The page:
Justice Pierce’s opinion in Eaton v. Frisby does something remarkable: shifts a lot of the spotlight away from Eaton’s use of Ed Peters to improperly influence Judge Bobby DeLaughter.

Peters does not even enter to picture until page 11 of the Court’s opinion. By this point in the litigation, Eaton was already on the ropes after Special Master Jack Dunbar concluded that Eaton’s discovery responses were truly false in an intentional effort to mislead Frisby.

Justice Pierce does a great job of portraying Eaton’s efforts to hide the fact that it was paying former Frisby employee Milan Georgeff to help Eaton in the case. Eaton and Mike Allred gave the Frisby lawyers the run-around for a year over the Georgeff agreements (Eaton was concealing one of two) with a letter from Eaton’s counsel with the following awesome quote:

We have made a good faith search for responsive documents, and have produced the documents we have located. Please review our supplemental discovery response dated June 10, 2005…We are not trying to hide the ball, as you seem to believe, but have not found anything more. (emphasis added).

By “we are not trying to hide the ball”, I presume Eaton meant: “we hid the ball. Good look trying to find it.” Ironically, one of Eaton’s defenses now seems to be: “hey, they knew we were hiding the ball.”

Significantly, Eaton never produced its hidden agreement with Georgeff in the Mississippi litigation. Frisby obtained the agreement from Georgeff in litigation between Frisby and Georgeff pending in North Carolina. Or as Eaton’s hide-the-ball lawyer probably thought: “oops.”

Caught cheating, Eaton doubled down on sleaze by hiring Peters. Allred described Peters as: “the one person who is the closest possible associate of Judge DeLaughter.” Or was we lawyers say, someone who should have been on DeLaughter’s recusal list.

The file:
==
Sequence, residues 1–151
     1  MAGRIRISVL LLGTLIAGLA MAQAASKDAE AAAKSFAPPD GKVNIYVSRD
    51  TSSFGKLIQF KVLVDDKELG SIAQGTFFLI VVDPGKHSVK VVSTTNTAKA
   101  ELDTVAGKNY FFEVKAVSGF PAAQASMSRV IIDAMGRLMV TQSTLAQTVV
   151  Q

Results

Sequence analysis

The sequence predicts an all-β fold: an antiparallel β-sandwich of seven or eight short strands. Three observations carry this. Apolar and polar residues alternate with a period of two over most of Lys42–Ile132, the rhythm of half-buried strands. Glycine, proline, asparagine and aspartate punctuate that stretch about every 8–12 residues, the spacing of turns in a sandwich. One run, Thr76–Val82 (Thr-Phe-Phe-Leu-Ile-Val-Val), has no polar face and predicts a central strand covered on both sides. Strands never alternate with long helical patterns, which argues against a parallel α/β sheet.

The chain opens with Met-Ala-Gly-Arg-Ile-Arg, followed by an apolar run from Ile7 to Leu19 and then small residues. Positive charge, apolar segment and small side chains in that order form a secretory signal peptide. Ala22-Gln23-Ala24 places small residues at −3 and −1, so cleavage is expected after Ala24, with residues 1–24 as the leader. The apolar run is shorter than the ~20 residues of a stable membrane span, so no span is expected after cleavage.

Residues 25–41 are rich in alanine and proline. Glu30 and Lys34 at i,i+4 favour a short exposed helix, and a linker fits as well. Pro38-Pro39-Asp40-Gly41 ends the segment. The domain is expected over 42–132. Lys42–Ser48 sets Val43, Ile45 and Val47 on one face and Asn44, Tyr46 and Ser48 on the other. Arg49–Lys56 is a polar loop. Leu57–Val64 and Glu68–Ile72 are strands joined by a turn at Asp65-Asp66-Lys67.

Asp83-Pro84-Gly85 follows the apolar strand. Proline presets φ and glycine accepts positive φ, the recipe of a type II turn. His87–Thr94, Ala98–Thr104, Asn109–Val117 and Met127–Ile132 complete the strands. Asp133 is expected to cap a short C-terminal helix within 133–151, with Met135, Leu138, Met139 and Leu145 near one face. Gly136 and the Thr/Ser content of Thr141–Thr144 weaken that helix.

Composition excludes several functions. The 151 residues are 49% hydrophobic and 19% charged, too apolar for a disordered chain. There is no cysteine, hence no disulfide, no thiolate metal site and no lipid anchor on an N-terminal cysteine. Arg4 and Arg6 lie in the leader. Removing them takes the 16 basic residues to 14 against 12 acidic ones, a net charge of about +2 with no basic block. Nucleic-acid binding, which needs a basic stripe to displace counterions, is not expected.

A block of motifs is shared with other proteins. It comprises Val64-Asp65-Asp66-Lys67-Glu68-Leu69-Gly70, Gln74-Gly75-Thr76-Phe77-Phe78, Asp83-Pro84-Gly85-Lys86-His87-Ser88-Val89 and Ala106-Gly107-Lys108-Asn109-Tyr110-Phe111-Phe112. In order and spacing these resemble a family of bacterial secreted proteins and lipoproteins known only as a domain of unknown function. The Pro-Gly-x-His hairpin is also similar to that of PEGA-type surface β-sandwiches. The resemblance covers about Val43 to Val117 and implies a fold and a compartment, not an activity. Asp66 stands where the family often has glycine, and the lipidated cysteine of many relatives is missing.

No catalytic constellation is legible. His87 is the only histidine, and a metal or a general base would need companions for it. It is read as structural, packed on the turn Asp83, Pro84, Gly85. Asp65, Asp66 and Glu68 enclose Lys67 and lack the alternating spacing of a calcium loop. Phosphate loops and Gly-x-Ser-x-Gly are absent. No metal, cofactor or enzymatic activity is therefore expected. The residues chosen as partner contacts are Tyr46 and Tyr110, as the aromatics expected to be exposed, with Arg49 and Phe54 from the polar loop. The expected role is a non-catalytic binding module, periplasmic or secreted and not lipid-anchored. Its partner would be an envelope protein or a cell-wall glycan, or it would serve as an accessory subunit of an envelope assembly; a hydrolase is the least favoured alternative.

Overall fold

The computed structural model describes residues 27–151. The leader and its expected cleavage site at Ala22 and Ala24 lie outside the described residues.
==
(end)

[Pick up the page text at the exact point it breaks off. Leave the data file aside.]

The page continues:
The Peters-DeLaughter portion of the case is more well known. Peters conducted improper ex parte communications with DeLaughter on Eaton’s behalf, including getting DeLaugher to replace Jack Dunbar with Larry Latham as special master. Latham smelled a rat immediately, resigned as special master and reported a bizzare phone call from Peters to the court.

DeLaughter recused himself from the case, then got indicted and went to jail. Peters rolled on DeLaughter and walked.

This case has been going on for so long it’s easy to lose sight of something important. Something I don’t think the Miss. Supreme Court over-looked. Frisby was on its way to getting completely railroaded by DeLaughter, Peters and Eaton. If not for Joey Langston disclosing the Peters-DeLaughter sleaze to the feds in the Scruggs-gate litigation, it was going to all go bad for Frisby in Hinds County. Eaton was going to win big–DeLaughter was going to make sure of that.

Significantly, Eaton never came clean. It got caught, repeatedly. There was no moral compass in Eaton’s legal department. Eaton cheated over and over again and indignantly claimed that it was a victim every time it got caught. You read some of the internal notes in the legal department and it’s like the attorneys did not even understand that what they were doing was wrong. Even now, it’s unclear whether Eaton even gets it.

Judge Swan Yerger took over as presiding judge and appointed Jackson attorney David Dogan as special master. When Dogan and Yerger got through with Eaton, its claims against Frisby were dismissed and it owed Frisby close to $1.6 million in costs and fees.

At this point its worth reminding the reader that all Eaton’s sleazy actions revealed in Judge Weill’s opinions were not considered by the Supreme Court. The issue before the Court was Judge Yerger’s dismissal of Eaton’s case and sanctions. The new documents were provided to the Court, but the opinion states: “we decline to take these additional documents into consideration for purposes of this appeal.”